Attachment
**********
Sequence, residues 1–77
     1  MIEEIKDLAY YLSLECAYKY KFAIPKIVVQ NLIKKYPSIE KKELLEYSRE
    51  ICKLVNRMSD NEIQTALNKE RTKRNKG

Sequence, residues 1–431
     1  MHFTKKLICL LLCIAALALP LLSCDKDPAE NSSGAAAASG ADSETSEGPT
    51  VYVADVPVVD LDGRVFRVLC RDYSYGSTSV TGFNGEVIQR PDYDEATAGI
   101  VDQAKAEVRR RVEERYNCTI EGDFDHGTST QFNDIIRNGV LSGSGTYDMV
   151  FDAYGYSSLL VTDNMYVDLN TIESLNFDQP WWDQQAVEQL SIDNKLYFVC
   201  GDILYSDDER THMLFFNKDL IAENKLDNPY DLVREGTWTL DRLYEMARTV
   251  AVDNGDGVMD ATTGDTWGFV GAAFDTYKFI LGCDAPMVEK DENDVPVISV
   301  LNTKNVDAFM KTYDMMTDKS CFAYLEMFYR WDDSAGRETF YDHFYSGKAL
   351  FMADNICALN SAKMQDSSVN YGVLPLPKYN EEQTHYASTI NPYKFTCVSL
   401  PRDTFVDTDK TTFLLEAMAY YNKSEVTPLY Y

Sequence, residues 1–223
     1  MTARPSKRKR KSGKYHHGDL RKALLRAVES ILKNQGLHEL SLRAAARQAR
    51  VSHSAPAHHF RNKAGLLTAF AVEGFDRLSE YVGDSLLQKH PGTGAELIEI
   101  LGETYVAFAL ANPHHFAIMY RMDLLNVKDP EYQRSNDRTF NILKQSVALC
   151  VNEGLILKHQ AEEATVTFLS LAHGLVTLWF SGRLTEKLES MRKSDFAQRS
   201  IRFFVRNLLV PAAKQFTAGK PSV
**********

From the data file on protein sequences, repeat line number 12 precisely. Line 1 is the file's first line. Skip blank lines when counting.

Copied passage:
   351  FMADNICALN SAKMQDSSVN YGVLPLPKYN EEQTHYASTI NPYKFTCVSL